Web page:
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How we are tied to herpes virus

Viral protein takes a piggy-back on chromosomes

Oeiras, 18.11. 2013

Researchers from the Structural Genomics Lab at ITQB, together with scientists from Institute of Molecular Medicine and Harvard Medical School, have identified regions on a viral protein that are critical for herpes virus to lie dormant within our bodies, namely by literally tying the virus to our chromosomes. The work funded by the Harvard Medical School-Portugal Program was recently published in PLoS Pathogens.

Many viruses are able to lie dormant within the cell and remain under the radar of our immune system. This ability, called viral latency, enables the virus to reactivate and produce new progeny, in the absence of new external virus, and makes it extremely difficult to treat. The most common example is cold sores (caused by alpha-herpesvirus). Researchers at ITQB concentrated on a more pathogenic virus - the Kaposi's sarcoma-associated herpes virus - which many will trace back to Tom Hanks’ character in the movie Philadelphia. While they can remain harmless, many members of this virus family (gamma-herpesviruses) are strongly associated with tumours.

Latency requires that the viral DNA is maintained through cycles of cell division in the host cell, so researchers concentrated on showing how viral DNA is connected to our chromosomes. By determining the X-Ray 3D structure of a viral protein called Latency Associated Nuclear Protein (LANA), researchers identified a novel surface feature critical for viral latent infection. “Only through solving the structure were we able to discover the two faces of LANA” says Colin McVey, the lead author, “one face binding the viral DNA and the other face linking to the host chromosome”.

Studying human virus is often difficult because of their inability to infect other animals in the same way. With no good animal models it is very hard to test new assumptions on the disease. But for the Kaposi's sarcoma-associated herpesvirus, researchers had at their disposal a mouse version of the virus that acts much in the same way, with the advantage of having a simpler form of the LANA protein. In this work, it was possible to manipulate the LANA protein and see how virus latency was affected: mutations that prevented DNA binding lead to the loss of virus latency. Since LANA can perturb many cellular pathways that contribute to the formation of tumours, future work will now focus on the human virus protein as a potential drug target.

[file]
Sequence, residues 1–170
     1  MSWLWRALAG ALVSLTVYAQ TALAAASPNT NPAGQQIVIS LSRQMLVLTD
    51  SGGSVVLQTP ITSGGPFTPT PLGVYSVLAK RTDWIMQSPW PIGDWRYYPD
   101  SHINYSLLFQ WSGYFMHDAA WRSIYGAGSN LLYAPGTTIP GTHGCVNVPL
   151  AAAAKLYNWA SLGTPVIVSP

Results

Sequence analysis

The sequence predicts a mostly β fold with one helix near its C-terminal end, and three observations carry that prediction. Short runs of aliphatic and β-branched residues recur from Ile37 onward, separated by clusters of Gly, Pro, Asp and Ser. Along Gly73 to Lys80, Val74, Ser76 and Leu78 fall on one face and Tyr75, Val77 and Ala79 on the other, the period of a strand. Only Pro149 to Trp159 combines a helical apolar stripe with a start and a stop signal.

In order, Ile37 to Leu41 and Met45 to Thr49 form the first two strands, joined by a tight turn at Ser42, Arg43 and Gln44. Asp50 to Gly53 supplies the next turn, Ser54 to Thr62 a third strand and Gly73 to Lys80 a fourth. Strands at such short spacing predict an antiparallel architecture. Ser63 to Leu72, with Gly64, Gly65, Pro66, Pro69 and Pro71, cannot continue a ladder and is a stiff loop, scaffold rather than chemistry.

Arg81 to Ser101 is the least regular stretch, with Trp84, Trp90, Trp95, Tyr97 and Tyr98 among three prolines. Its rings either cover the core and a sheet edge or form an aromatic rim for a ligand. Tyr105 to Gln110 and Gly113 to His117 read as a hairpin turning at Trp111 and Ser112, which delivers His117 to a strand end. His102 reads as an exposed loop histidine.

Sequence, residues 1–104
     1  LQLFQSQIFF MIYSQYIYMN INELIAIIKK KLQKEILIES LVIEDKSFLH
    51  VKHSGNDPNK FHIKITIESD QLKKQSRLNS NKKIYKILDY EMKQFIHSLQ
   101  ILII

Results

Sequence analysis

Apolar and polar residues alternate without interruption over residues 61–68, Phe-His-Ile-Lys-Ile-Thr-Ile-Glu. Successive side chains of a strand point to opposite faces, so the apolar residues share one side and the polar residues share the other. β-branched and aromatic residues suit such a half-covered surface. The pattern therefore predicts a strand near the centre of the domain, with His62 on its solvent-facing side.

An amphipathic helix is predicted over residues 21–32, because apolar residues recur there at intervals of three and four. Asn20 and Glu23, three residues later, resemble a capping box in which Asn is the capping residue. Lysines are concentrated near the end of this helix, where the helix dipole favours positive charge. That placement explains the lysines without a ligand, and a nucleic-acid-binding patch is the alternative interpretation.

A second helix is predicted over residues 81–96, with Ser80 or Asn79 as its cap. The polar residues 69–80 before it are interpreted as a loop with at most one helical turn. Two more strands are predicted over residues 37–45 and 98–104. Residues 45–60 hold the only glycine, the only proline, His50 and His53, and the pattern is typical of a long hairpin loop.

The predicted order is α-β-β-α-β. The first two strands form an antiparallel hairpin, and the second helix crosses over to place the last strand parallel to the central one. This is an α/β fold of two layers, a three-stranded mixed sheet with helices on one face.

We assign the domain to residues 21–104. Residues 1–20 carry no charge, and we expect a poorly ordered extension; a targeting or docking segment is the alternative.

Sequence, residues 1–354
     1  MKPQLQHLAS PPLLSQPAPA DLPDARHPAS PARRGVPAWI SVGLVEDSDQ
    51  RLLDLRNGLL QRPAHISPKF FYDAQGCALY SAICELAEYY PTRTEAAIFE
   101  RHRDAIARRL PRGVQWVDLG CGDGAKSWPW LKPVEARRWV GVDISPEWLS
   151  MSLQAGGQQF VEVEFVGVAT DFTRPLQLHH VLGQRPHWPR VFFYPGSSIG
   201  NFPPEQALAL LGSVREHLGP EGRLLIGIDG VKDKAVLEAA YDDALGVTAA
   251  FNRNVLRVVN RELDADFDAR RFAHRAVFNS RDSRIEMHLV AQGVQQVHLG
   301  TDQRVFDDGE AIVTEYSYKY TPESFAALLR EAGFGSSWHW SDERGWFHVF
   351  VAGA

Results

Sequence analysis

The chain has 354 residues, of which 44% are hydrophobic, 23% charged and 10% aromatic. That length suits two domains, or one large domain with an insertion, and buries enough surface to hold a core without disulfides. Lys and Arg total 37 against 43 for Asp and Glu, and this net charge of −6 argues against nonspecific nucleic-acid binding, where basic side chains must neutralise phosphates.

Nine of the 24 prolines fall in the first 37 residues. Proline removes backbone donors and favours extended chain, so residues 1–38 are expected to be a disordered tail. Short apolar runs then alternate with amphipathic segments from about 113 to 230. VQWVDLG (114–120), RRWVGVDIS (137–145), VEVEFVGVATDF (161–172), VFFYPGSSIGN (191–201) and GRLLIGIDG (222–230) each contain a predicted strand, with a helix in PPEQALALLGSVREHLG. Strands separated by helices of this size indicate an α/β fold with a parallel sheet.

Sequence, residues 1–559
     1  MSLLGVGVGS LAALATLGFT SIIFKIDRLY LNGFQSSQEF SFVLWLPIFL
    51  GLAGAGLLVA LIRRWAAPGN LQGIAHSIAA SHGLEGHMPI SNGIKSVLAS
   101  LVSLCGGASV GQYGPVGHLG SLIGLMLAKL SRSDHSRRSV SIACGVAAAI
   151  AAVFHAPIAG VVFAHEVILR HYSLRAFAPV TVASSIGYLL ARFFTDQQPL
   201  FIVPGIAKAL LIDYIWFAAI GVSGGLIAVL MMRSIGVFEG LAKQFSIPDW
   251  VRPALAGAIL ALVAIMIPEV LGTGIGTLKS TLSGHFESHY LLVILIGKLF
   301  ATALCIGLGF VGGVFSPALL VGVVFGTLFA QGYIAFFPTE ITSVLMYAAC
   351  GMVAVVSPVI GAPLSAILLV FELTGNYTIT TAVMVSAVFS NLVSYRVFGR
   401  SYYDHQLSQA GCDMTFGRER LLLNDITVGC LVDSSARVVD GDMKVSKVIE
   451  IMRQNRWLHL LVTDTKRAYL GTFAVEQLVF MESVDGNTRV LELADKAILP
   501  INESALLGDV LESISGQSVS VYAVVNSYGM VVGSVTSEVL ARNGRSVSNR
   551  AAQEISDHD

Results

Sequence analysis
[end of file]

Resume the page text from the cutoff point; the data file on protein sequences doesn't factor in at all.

> Read also the article in Público

Original Article

PLos Pathogens Oct 17, 2013 DOI: 10.1371/journal.ppat.1003673

Crystal Structure of the Gamma-2 Herpesvirus LANA DNA Binding Domain Identifies Charged Surface Residues Which Impact Viral Latency

Bruno Correia, Sofia A. Cerqueira, Chantal Beauchemin, Marta Pires de Miranda, Shijun Li, Rajesh Ponnusamy, Lénia Rodrigues, Thomas R. Schneider, Maria A. Carrondo, Kenneth M. Kaye, J. Pedro Simas, Colin E. McVey

Author Summary

Herpesviruses establish life-long latent infections. During latency, gammaherpesviruses, such as Kaposi's sarcoma-associated herpesvirus (KSHV), persist as multicopy, circularized genomes in the cell nucleus and express a small subset of viral genes. KSHV latency-associated nuclear antigen (LANA) is the predominant gene expressed during latent infection. C-terminal LANA binds KSHV terminal repeat (TR) DNA to mediate DNA replication. TR DNA binding also allows tethering of the viral genome to mitotic chromosomes to mediate DNA segregation to daughter nuclei. We describe here the crystal structure of the murine gammaherpesvirus 68 LANA DNA binding domain, which is homologous to that of KSHV LANA. The structure revealed a dimer and we identified residues involved in the interaction with viral DNA. Mutation of these residues abolished DNA binding and viable latency establishment in a mouse model of infection. We also identified a positively charged patch on the dimer surface opposite to the DNA binding region and found this patch exerts an important role in the virus's ability to expand latent infection in vivo. This work elucidates the structure of the LANA DNA binding domain and identifies a novel surface feature that is critical for viral latent infection, likely by acting through a host cell protein.

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